Just how effective and impactful are Northwest Pear export promotions? That was the question that Pear Bureau Northwest (PBNW) set out to answer with an econometric study. The study, conducted by Dr. Harry Kaiser of Cornell, Dr. Timothy Richards of Arizona State and Dr. Roman Keeney of Purdue University, was an in-depth look into the marginal benefit cost ratio (BCR) and the promotion elasticity for each of the Pear Bureau’s top export markets, and the impacts that Northwest pear promotions have had on the overall farm sector.
Pear Bureau Northwest’s export promotional program is funded by grants from the USDA’s Market Access Program (MAP) as well as industry funding. The study looked at PBNW’s export promotion program from 2004 to 2014 to calculate the marginal BCRs and used the 2014/15 season for the overall impacts to the local economy.
Below is a summary of the key results of the study and an explanation of the results:
The marginal BCR for PBNW’s export promotional program was 2.25 in the short run and 2.33 in the long run. The marginal BCR is a measure of how much one extra dollar invested would return in industry benefits. This means that one extra dollar would have returned $2.25 in the short run and $2.33 in the long run in additional profits to the pear growers. This model is not a predictive model, but more of a reflective model of what happened over the 10-year period (2004 to 2014) that was being measured.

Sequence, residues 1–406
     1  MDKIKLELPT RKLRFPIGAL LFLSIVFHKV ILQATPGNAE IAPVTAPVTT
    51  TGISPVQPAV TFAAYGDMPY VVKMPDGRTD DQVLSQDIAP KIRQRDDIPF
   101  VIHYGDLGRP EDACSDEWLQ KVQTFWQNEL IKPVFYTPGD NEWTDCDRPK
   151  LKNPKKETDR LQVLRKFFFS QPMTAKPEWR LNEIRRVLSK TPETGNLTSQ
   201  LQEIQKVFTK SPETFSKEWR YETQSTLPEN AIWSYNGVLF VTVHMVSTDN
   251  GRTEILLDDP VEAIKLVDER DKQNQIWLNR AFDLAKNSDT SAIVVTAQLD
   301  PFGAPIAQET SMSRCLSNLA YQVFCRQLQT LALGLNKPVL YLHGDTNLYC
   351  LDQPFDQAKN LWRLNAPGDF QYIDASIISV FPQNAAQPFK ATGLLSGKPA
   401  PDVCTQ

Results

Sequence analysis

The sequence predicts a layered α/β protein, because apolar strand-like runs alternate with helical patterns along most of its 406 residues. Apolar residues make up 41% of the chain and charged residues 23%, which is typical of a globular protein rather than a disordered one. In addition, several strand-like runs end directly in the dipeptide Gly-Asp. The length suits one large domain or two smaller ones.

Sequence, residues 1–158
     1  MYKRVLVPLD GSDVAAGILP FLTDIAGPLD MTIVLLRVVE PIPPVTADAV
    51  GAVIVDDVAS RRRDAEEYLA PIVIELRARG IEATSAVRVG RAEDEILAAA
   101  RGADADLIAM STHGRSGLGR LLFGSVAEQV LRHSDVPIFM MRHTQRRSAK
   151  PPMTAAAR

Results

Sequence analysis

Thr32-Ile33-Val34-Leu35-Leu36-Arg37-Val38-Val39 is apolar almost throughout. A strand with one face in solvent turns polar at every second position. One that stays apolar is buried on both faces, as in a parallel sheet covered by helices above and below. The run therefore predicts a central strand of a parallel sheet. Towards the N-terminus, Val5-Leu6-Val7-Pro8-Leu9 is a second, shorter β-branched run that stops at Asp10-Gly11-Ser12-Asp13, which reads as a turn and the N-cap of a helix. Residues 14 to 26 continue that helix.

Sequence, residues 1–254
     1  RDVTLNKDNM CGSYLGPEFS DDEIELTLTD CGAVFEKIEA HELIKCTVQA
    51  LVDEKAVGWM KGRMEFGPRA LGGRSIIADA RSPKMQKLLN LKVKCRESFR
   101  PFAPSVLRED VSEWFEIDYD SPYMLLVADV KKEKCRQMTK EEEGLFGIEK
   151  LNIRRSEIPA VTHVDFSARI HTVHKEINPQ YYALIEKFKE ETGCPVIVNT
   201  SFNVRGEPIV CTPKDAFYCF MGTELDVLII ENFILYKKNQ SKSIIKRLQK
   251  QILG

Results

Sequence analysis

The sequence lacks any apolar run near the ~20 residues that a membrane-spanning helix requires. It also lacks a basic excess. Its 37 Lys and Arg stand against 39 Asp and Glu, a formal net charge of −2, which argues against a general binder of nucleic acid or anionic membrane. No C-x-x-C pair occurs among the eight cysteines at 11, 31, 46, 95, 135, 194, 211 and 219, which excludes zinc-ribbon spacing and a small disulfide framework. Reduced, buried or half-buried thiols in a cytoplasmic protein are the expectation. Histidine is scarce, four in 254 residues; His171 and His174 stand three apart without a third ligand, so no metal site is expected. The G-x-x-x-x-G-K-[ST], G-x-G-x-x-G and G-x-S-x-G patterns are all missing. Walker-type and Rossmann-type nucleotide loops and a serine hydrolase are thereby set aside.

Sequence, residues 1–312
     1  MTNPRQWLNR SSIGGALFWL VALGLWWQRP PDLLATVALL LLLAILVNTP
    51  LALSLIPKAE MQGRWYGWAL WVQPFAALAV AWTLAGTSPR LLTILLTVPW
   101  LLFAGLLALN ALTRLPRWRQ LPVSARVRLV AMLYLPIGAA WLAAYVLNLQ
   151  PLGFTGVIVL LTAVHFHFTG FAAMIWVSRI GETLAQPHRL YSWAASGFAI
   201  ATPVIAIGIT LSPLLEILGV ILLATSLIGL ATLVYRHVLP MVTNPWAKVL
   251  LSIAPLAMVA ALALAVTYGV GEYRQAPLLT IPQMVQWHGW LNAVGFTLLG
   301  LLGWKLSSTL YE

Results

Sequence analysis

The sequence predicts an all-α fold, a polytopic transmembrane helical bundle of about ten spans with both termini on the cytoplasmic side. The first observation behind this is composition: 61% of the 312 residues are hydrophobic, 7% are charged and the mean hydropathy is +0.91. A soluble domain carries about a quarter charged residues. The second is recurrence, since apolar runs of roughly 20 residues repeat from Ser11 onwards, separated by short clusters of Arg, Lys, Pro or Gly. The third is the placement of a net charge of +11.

Overall promotion elasticity for Northwest Pear promotions was 0.046. This means that a 10% increase in the export promotion budget would result in a 0.46% increase in exports. Though this figure may appear small, anything above zero shows that the export promotion program does indeed have a positive impact on overall export volumes.
While these numbers show an effective and profitable export promotional program, it is the impact on the local economy and the farm sector that may be most impressive. Below is a summary of those results for the 2014/15 season:
PBNW export promotions led to an increase in export revenues of 8.3% – meaning that if there had been no export promotions, export revenues would have decreased by 8.3%.
There were 240 additional jobs in the local economies due to Pear Bureau export promotions, generating $9.6 million in additional labor income and $19.1 million in economic output.
Northwest Pear production is 26.1 million pounds (or 593,182 standard box equivalents) larger due to export promotions. This is based on export promotions increasing domestic production by 0.2%.
Farm asset values increased by $22.46 million and the total economic benefit was $31.3 million due to Pear Bureau export promotions.
According to the Pear Bureau this study shows the importance of Northwest Pear exports, export promotions and the overall importance of the Market Access Program (MAP) to the success of the Pear Bureau Northwest’s export promotion program. The results of this study also mirror the results from the two most recent econometric studies that the USDA conducted on behalf of the MAP program as a whole in 2011 and 2016.